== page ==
With the film garnering an 81 percent rating on Rotten Tomatoes, matching Excellent Adventure, the common refrain from critics and audiences is that Face the Music’s greatest strength is its optimistic and uplifting message. Even though the film was shot well before the current public health crisis and anti-racism protests roiling cities nationwide, Winter is proud of the film’s timeless message.
“The film was written originally 10 years ago, well before the political climate we’re in now, much less this incredible pandemic that we find ourselves in. So it’s always a good message,” Winter explains. “That’s really at the heart of Bill & Ted, and Keanu and I feel grateful to be able to be a part of something that conveys that message. I do think that it’s a terrible time, and I wouldn’t wish it on anyone. I wish we weren’t releasing a movie in the middle of a pandemic, but if you’re going to have to do that, I do think that the underlying theme of the film — that we’re all part of the fabric of one thing and we should operate with that in mind and compassion for each other — isn’t the worst message to get out at the moment.”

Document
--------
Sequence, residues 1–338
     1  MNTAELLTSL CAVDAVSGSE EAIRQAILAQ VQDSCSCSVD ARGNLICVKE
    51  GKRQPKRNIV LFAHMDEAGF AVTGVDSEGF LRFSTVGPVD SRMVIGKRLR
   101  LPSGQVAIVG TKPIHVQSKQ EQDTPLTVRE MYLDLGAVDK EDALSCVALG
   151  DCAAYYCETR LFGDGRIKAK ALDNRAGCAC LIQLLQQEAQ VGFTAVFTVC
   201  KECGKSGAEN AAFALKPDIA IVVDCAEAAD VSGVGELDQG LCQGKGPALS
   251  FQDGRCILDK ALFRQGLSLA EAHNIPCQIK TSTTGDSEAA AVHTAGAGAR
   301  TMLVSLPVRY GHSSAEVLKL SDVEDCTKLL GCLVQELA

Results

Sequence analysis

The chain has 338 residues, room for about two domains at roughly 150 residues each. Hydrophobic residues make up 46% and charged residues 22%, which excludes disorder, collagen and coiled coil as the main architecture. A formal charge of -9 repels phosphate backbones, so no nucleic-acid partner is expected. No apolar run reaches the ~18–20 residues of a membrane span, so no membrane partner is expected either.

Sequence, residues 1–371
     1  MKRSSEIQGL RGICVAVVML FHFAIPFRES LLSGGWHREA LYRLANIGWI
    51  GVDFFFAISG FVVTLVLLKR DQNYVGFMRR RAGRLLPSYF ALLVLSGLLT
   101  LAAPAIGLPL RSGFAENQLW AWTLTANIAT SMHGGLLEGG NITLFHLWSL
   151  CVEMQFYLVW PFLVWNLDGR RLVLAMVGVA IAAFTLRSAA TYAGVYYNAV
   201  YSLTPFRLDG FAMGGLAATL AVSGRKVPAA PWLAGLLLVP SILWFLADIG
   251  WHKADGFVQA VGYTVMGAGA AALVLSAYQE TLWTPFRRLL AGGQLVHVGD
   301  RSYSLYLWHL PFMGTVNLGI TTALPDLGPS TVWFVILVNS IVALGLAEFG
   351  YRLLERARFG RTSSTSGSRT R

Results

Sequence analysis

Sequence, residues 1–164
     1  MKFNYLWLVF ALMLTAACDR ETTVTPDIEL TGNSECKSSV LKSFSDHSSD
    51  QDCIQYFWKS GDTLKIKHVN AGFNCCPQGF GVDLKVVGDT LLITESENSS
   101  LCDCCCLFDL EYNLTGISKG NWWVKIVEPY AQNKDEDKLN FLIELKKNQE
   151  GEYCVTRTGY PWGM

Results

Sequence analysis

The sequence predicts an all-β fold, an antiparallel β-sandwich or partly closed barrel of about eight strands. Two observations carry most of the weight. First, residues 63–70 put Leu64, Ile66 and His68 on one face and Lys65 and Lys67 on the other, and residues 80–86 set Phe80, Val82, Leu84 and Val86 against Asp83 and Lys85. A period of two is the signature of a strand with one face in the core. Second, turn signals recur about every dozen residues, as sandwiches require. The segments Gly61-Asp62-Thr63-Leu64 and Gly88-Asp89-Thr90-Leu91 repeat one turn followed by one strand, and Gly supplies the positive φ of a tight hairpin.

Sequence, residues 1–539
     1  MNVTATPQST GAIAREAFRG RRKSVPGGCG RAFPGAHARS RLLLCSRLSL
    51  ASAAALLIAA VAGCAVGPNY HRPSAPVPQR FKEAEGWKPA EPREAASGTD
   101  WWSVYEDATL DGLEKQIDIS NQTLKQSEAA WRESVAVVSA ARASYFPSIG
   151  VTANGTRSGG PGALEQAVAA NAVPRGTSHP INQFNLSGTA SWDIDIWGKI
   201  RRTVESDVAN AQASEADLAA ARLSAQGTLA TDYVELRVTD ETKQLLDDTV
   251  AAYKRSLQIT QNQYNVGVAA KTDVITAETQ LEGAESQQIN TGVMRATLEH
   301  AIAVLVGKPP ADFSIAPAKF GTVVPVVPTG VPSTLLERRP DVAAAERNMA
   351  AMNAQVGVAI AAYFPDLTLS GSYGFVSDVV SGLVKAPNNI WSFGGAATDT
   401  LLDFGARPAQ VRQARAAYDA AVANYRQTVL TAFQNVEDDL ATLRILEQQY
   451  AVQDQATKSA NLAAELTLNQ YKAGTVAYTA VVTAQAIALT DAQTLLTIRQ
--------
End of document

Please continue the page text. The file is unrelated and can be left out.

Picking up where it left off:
In a recent conversation with THR, Winter also reflects on the long road to Bill and Ted Face the Music, The Beatles’ influence on the third act and his three decades of friendship with Reeves.
So when did the effort toward a third film begin in earnest?
Keanu and I were having dinner with [co-screenwriters] Chris Matheson and Ed Solomon. I actually think it was all the way back in 2007. I think everyone’s been really fuzzy on this because the memory is probably too painful with how long it took to get made from that moment. (Laughs.) We were having dinner at my house, and they pitched Keanu and I this idea for a third movie. We’ve all been friends for a long time, but none of us had ever thought seriously about revisiting these guys. But it was a really good idea, and it felt like something that would be worth trying to get made. Keanu and I thought it was playable. We could see how we could be Bill and Ted in this narrative, and Chris and Ed had some really funny ideas for how to make it work. So, they went out and spec’d it. They worked on the script for a while, and then we got back together with Scott Kroopf, the producer of the original two, and then we brought on [director] Dean Parisot. We were lucky that we got interest from him, and that was still a good six or seven years ago. And then, we began a very long and painful process to find the money. (Laughs.)